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Food Trucks Make Their Mark in Chicago

Food Trucks Make Their Mark in Chicago

As food trucks continue to grow in number and prosper across the U.S., mobile eateries in Chicago are fighting for their rights to exist. Chicago legislature prohibits owners of food trucks from cooking (or altering their food in any way) while they're in their trucks, which has led food truck chefs to sell only pre-made items. The food truck community in Chicago is banding together to bring about the legalization of their businesses.

Tomorrow, the first Chicago food truck summit will take place at Goose Island Brewery. The event will feature signature dishes from trucks such as Flirty Cupcakes, Sweet Miss Giving's, and 5411 Empanadas. It will also serve as a release party for author Heather Shouse's book, Food Trucks: Dispatches and Stories from the Best Kitchens on Wheels.

The Daily Byte is a regular column dedicated to covering interesting food news and trends across the country. Click here for previous columns.


Food truck millionaires who beat the odds

When brothers Pete and Ben Van Leeuwen and Laura O'Neill decided to try out making ice cream in their Brooklyn apartment a decade ago, their idea was simple: Reinvent the ice-cream truck with great tasting ingredients. The only problem was, they had no experience in actually making the product.

"We have never made ice cream before," Ben, 33, said. "So we got a bunch of cookbooks and started cooking."

Using fair trade high-end ingredients, many of them organic, they got to work and developed artisanal flavors that today include Honeycomb, Sicilian Pistachio and Vegan Mint Chocolate Chip. The trio hit the streets of New York City with $50,000 in investment from friends and family with their Van Leeuwen Ice Cream truck, a retrofitted post office vehicle. The Financial District and Canal Street proved to be a bust, so they rolled into Soho, hoping for some luck.

"By the time we opened the window, there was a line of 30 people," Ben said. "And the line remained there all summer."

Those lines have been growing far beyond Soho ever since. Year one, in 2008, they did about $400,000 in revenue, jumping up past $1 million in year two. Fast-forward to today, they have nine stores across New York City and Los Angeles and six trucks, set to do some $20 million in revenue in 2018 without ever taking another dime of outside investment. They're also retailing in Whole Foods stores in the Northeast and California.


Food truck millionaires who beat the odds

When brothers Pete and Ben Van Leeuwen and Laura O'Neill decided to try out making ice cream in their Brooklyn apartment a decade ago, their idea was simple: Reinvent the ice-cream truck with great tasting ingredients. The only problem was, they had no experience in actually making the product.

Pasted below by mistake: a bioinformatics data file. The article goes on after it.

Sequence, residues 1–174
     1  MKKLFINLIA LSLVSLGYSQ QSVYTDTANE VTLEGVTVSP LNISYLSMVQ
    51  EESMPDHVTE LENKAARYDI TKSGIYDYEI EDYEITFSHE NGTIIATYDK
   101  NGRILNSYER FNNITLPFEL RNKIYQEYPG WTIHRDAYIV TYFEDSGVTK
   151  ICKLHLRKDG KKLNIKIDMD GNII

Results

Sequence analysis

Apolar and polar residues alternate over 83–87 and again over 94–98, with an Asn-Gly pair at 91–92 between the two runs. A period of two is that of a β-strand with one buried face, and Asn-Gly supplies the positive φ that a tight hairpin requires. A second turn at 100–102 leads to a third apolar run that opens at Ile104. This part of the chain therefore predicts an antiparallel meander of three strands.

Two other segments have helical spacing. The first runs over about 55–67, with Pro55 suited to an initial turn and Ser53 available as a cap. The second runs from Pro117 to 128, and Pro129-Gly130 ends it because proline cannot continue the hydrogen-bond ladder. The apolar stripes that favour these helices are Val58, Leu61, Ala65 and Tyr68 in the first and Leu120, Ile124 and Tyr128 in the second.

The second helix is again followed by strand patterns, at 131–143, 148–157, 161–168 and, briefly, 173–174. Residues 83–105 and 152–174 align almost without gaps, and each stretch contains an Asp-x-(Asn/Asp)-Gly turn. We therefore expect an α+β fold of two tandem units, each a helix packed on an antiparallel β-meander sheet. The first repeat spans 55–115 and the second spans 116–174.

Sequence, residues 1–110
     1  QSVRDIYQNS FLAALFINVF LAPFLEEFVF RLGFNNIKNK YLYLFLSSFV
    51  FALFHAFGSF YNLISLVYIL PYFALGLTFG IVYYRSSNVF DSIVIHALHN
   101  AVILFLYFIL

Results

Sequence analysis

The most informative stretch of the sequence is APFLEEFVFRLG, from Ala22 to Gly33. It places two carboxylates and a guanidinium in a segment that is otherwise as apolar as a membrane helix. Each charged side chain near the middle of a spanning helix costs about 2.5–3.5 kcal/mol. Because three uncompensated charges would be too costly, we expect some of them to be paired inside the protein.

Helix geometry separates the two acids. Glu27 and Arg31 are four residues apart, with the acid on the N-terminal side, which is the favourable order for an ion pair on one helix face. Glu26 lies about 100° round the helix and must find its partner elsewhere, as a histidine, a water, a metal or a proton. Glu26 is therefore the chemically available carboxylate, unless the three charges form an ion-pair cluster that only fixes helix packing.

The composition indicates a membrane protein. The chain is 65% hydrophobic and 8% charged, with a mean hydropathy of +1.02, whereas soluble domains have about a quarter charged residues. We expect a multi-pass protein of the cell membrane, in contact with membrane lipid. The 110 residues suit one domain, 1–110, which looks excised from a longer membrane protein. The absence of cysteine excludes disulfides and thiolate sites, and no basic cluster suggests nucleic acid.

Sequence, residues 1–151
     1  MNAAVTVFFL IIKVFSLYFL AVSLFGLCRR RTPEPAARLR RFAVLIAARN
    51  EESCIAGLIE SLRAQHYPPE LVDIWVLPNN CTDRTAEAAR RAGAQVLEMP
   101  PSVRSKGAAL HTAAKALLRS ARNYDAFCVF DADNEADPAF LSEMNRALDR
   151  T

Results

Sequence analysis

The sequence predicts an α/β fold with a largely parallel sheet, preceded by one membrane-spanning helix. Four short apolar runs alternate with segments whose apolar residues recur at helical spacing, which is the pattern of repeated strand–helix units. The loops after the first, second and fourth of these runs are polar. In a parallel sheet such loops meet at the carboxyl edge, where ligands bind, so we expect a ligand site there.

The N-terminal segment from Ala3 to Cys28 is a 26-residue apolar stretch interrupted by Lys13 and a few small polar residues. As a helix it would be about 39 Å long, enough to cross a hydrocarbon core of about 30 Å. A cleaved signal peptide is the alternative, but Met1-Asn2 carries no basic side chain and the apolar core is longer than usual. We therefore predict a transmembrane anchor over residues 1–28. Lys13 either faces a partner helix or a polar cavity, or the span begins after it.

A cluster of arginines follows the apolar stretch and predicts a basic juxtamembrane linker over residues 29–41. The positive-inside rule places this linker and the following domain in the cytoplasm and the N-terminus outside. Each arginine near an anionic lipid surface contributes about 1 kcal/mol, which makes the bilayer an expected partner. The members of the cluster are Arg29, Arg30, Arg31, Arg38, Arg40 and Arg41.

"We have never made ice cream before," Ben, 33, said. "So we got a bunch of cookbooks and started cooking."

Using fair trade high-end ingredients, many of them organic, they got to work and developed artisanal flavors that today include Honeycomb, Sicilian Pistachio and Vegan Mint Chocolate Chip. The trio hit the streets of New York City with $50,000 in investment from friends and family with their Van Leeuwen Ice Cream truck, a retrofitted post office vehicle. The Financial District and Canal Street proved to be a bust, so they rolled into Soho, hoping for some luck.

"By the time we opened the window, there was a line of 30 people," Ben said. "And the line remained there all summer."

Those lines have been growing far beyond Soho ever since. Year one, in 2008, they did about $400,000 in revenue, jumping up past $1 million in year two. Fast-forward to today, they have nine stores across New York City and Los Angeles and six trucks, set to do some $20 million in revenue in 2018 without ever taking another dime of outside investment. They're also retailing in Whole Foods stores in the Northeast and California.


Food truck millionaires who beat the odds

When brothers Pete and Ben Van Leeuwen and Laura O'Neill decided to try out making ice cream in their Brooklyn apartment a decade ago, their idea was simple: Reinvent the ice-cream truck with great tasting ingredients. The only problem was, they had no experience in actually making the product.

"We have never made ice cream before," Ben, 33, said. "So we got a bunch of cookbooks and started cooking."

Using fair trade high-end ingredients, many of them organic, they got to work and developed artisanal flavors that today include Honeycomb, Sicilian Pistachio and Vegan Mint Chocolate Chip. The trio hit the streets of New York City with $50,000 in investment from friends and family with their Van Leeuwen Ice Cream truck, a retrofitted post office vehicle. The Financial District and Canal Street proved to be a bust, so they rolled into Soho, hoping for some luck.

"By the time we opened the window, there was a line of 30 people," Ben said. "And the line remained there all summer."

Those lines have been growing far beyond Soho ever since. Year one, in 2008, they did about $400,000 in revenue, jumping up past $1 million in year two. Fast-forward to today, they have nine stores across New York City and Los Angeles and six trucks, set to do some $20 million in revenue in 2018 without ever taking another dime of outside investment. They're also retailing in Whole Foods stores in the Northeast and California.